Last White House Democratic Congressman in the Deep South Fights for Political Survival

Moni Basu, CNN, November 2, 2012

Here in the home of timber yards, BB-gun champs and DEET-defying gnats, John Barrow is fighting for survival.

He’s the last standing white Democrat from the Deep South in the U.S. House of Representatives, a remaining sliver of a party machine that once brokered power for the region’s establishment.

Barrow’s political death, if it comes on Election Day, would serve as a stark signal of the electoral realignment dividing Southern Democrats and Republicans along racial lines.

The ramifications are huge—not just in the South, but nationally—in determining the future of both parties, say political observers and historians who are closely watching Barrow’s uphill battle.

If Barrow loses, every Democratic congressman from Louisiana, Mississippi, Alabama, South Carolina and Georgia will be black. Every Republican will be white, save Rep. Tim Scott of South Carolina, who was elected in 2010 with Tea Party backing.

Barrow finds himself working hard for votes in Georgia towns swept by a tide of Republican Red—towns like Baxley, where, among many folks, saying “Democrat” is like taking the devil’s name.

Barrow has attended the “Redneck Games” in Dublin and recently hosted a barbecue dinner at the American Legion Altamaha Post 26, where he bought five raffle tickets for a Mossberg Model 500A 12-gauge shotgun.

He might belong to the party of his daddy and his granddaddy, but his public persona stands far removed from Washington’s Democratic leadership.

“A Democratic label is a killer in that district,” says Emory University political scientist Merle Black, an authority on Southern politics. “The Democratic Party across the Deep South is in real trouble with white voters.”

To make matters tougher, the GOP-controlled Georgia legislature redrew the boundaries for Barrow’s 12th District following the 2010 census, making his constituency even redder.

Barrow knows he can’t win without a chunk of conservative Republicans crossing over.

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Barrow’s campaign sent out more than 500 invitations for an early evening dinner at a rented event space in Douglas called The Atrium. {snip}

About 30 people show up for pulled pork barbecue and green beans just as dark clouds begin to scatter in the sky. Many are African-Americans who make up Barrow’s core support in rural Georgia.

They don’t care much for the fact that Barrow voted against the president’s Affordable Care Act, otherwise known as Obamacare. Or that he voted to hold Attorney General Eric Holder in contempt of Congress for refusing to comply with congressional subpoenas related to the deadly Operation Fast and Furious scandal.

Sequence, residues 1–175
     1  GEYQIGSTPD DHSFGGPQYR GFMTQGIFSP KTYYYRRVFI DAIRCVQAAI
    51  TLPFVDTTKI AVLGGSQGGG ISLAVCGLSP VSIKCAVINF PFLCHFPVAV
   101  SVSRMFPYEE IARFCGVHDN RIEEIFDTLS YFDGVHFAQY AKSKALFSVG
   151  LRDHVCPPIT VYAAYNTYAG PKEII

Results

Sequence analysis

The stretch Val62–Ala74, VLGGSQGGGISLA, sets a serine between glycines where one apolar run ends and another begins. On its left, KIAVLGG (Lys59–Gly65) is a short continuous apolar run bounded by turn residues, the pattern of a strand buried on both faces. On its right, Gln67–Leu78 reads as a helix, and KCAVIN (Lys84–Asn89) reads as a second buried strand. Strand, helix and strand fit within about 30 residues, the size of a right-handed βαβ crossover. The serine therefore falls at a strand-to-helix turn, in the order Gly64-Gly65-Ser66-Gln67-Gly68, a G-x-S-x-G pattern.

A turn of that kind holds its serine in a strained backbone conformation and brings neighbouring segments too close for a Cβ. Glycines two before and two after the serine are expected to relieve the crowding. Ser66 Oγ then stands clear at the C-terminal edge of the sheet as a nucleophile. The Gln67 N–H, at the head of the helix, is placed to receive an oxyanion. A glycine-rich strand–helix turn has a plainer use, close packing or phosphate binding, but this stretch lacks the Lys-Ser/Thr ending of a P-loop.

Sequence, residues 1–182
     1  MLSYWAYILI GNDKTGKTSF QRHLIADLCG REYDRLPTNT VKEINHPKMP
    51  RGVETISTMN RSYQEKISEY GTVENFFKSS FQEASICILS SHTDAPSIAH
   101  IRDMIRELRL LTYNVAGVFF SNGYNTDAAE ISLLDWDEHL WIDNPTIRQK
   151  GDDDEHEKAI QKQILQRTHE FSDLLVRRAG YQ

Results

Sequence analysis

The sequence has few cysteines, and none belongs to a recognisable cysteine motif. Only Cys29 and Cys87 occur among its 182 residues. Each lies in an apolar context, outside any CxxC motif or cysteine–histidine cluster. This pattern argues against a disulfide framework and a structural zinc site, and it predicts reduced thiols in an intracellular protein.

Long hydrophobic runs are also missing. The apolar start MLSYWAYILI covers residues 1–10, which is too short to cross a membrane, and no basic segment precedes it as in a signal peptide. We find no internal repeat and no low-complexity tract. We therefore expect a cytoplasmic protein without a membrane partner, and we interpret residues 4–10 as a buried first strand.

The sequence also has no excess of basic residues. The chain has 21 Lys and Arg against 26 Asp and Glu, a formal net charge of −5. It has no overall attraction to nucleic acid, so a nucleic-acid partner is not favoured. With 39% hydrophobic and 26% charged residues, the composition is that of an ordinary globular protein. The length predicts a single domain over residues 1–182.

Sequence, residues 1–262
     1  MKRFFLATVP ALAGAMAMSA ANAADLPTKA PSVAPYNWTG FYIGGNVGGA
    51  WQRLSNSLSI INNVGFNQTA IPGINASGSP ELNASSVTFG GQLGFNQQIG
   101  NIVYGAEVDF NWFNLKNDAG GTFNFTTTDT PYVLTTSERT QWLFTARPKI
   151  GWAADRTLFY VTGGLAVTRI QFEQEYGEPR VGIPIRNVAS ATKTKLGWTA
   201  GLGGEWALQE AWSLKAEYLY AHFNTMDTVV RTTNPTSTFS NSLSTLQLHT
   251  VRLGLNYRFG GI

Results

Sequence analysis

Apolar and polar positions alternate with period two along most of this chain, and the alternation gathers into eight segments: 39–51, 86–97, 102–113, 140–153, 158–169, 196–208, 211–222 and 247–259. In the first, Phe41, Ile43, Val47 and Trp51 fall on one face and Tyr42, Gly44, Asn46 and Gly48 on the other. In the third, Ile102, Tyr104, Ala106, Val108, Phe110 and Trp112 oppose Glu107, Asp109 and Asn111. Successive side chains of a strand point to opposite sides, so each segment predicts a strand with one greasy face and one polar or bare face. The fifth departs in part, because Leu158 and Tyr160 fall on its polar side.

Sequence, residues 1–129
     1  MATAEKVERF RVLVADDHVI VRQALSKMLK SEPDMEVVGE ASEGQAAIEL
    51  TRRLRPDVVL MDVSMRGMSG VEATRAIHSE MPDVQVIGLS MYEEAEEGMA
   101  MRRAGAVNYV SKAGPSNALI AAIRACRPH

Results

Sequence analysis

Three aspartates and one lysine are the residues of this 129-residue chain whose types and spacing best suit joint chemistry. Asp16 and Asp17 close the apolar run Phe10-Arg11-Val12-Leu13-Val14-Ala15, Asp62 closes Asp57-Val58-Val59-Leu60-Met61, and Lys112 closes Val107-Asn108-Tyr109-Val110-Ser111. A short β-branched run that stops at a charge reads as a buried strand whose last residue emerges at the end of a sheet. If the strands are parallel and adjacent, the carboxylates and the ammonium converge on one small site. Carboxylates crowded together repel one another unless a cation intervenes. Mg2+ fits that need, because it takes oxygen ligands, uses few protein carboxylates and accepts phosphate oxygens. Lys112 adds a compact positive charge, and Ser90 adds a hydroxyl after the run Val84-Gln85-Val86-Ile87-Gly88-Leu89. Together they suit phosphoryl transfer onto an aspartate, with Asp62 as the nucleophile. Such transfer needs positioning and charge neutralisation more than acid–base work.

They don’t think Barrow ought to be distancing himself from the president the way they thought he did by not attending the Democratic National Convention.

If you’re going to be a Democrat, then be a Democrat, says Johnny Roper, who served on the Douglas city commission for 27 years.

“We really want someone more devoted,” he says as caterers begin to serve the meal.

But, he asks, what’s the choice? There’s a big difference between Barrow and his Republican opponent, who Roper says is “no good for poor folks.”

But minority votes like Roper’s have been diluted in Barrow’s newly drawn district.

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Georgia Republicans say the lines were redrawn to reflect the state’s population changes.

But civil rights groups say Republicans are trying to further empower themselves by isolating black voters in majority-minority districts represented mostly by black Democrats.

“They are using race,” says Anita Earls, a civil rights lawyer and executive director of the Southern Coalition for Social Justice.

“The Republican strategy is to try to make the Democratic Party a party of black people,” she says.

That will make it more difficult for Democrats to win races in the near future, Earls says, but changing U.S. demographics—in which minority populations are growing at faster rates than whites—means that eventually that strategy will be doomed.

“They don’t have a long-term formula for success,” Earls says. “Maybe, they get a decade.”

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